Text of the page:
I will say that that St. Louis covenants seeme to be a lot less restrictive that typical HOA rules. Generally, they had set-back requirements, limited occupancy to single family homes, and provided for dues to pay for waters, sewers, medians, a gate, and other common property. As I recall, they had very general some rules on architecture. Still, on the face of it, the organizational principle seems similar. Let me also note that while many public streets suffered severe decay and crime beginning in the 1950s, the private streets (actually "places") survived and ultimately thrived. There are a couple of all-black private places, for example, which are islands of neighborhoor solidarity and stability surrounded by severely decayed neighborhoods on the public streets. In any case, I would be interested to know how the St. Louis private places specifically differed from modern HOA's. I have an extensive discussion of private places in The Voluntary City, published by the Independent Institute and University of Michigan Press.
Harry - 9/13/2005
can the ministates make a better dewelling place for the people finding some tranquality in their lives fro from the hustle bustle of the major cities?
kgregglv - 9/13/2005
I have not investigated the St.Louis experiment, David, but I recall that Spencer MacCallum has, and he concluded that there are significant differences between the two. I would hope that this is the case.
It may be something worth looking into more carefully.
Thanks for the thought!
kgregglv - 9/13/2005
Quite agree with you. Small cities, while not particularly better than many social institutions, are, in many ways, superior to the bulk of HOAs.
Just a thought.
kgregglv - 9/13/2005
Yes, I quite agree. And I find it so surprising the libertarians are jumping up and down in support of these quasi-municipalities. In many respects, they are worse than the municipalities that they are supplanting. The AHRC.com reports daily on incredible abuses which HOAs promote. I consider them a "training ground" for future little fascists.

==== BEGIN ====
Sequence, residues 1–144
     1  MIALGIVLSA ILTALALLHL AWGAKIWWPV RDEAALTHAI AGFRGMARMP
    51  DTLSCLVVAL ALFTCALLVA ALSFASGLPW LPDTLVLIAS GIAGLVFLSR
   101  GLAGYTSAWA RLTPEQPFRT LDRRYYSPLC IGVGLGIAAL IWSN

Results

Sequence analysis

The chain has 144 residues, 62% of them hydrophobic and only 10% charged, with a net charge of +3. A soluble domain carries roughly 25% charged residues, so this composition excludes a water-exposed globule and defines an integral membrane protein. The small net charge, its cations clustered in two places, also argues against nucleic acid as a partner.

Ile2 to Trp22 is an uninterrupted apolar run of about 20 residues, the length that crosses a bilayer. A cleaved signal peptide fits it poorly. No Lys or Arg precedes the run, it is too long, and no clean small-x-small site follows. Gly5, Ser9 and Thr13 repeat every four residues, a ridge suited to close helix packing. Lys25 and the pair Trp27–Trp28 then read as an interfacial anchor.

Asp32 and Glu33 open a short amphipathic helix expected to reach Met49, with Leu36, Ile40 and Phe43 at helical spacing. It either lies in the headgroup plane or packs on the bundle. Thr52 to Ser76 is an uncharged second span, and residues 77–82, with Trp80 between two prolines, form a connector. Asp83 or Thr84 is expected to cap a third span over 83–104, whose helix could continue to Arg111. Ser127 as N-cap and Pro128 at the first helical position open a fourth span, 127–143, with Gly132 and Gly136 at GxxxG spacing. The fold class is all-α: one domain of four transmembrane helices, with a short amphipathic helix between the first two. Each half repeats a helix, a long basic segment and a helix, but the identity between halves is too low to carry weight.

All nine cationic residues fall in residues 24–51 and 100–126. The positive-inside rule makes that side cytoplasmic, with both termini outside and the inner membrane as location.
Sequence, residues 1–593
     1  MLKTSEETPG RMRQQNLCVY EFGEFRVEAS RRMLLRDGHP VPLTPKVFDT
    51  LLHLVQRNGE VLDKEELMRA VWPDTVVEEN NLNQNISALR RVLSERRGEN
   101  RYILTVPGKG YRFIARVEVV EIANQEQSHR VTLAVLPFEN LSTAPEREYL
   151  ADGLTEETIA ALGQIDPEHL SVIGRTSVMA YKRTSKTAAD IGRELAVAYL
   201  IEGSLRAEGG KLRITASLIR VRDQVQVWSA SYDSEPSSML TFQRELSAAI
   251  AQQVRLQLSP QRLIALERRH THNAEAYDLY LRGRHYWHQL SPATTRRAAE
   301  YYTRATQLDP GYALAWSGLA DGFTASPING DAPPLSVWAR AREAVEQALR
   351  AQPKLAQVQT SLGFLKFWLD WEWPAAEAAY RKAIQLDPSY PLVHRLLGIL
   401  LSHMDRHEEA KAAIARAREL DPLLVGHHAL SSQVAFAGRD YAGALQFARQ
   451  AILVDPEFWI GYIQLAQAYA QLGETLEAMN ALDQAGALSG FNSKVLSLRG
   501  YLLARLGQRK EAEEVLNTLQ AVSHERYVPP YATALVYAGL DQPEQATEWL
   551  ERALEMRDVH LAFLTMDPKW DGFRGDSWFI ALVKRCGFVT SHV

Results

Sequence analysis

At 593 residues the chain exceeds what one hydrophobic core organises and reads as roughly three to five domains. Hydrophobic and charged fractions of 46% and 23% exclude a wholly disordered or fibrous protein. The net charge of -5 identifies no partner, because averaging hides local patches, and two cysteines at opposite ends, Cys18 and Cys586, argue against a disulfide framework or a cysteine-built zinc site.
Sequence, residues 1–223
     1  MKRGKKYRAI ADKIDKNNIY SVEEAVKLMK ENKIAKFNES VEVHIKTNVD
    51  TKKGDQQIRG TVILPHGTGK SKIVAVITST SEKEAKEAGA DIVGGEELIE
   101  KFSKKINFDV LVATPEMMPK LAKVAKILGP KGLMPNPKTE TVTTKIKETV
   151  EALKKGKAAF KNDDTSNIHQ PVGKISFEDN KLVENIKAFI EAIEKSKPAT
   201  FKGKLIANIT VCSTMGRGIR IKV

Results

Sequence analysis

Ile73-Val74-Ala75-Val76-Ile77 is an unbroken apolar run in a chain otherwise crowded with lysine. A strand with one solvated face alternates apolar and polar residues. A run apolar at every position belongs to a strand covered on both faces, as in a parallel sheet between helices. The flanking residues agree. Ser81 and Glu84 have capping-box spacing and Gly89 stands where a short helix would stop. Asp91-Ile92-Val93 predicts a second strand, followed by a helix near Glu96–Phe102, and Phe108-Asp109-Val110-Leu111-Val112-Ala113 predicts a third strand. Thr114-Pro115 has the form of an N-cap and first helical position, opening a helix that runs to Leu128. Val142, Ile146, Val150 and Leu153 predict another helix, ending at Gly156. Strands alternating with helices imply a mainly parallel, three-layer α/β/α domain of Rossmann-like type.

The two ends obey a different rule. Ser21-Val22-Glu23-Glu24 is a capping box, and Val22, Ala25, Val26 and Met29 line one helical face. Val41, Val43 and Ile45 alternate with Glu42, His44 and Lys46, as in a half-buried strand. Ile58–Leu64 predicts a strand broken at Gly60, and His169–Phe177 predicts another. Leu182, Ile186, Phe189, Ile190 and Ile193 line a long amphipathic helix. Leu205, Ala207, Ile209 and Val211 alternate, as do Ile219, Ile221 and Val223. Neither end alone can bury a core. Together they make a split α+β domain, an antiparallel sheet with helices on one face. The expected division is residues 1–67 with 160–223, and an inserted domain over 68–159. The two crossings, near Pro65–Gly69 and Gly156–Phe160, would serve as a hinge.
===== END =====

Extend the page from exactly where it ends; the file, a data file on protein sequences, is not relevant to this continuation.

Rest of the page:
Just a thought.
David T. Beito - 9/12/2005
I am not sure I agree with the theory that they are state created. I wrote an article for the Journal of Urban History on the private streets of St. Louis. The streets, which are very much like HOA's, have been existence in St. Louis and its suburbs since the 1860s.
In many cases, they have meant the difference between survival and death of many neighborhoods in the city.
I do not know if I like the term "ministates," but I agree with the thrust of the post. I respectfully disagree with libertarians who see a huge difference between a town of 5000 ("incorporated 1763") administered by an elected board and funded by taxes and a community of 5000 administered by an HOA and funded by mandatory fees. (At least you can deduct real estate taxes on you 1040!) These HOAs can be more restrictive on individual liberty than towns, sometimes right down to the color of ones shutters and door (which you best keep closed should one of your HOA officials drop by to discuss the verboten "Don't Tread on Me" flag over your porch.) Both try to deal with the ancient question of politics--"How should we organize our lives with each other?"--and one is not necessarily better than the other. Let a thousand flowers bloom--be they towns or associations--and take care to find a lily pad organized to your liking.
In my town we pay a measly 8 mils of property tax for fire, police, and roads, among other sevices, and I have yet to feel oppressed by its government in the least. And I could fly a DTOM flag if I wanted to--but it would be to protest the federal warfare-welfare state, not my local government.
wmarina - 9/12/2005
Many years ago, before I started my Const. Co., I remember commenting to some libertarians blathering on about how Houston, TX, had no zoning laws, that the homeowners covenants there had an even greatr potential for abuse of property rights.
I also commented about that in the context of strict liability in the 3rd ed. of A History of Florida. 1999, based upon my by-then experiences as a builder.
These covenants are, as Th. Jefferson would recognize, a new form of Feudalism.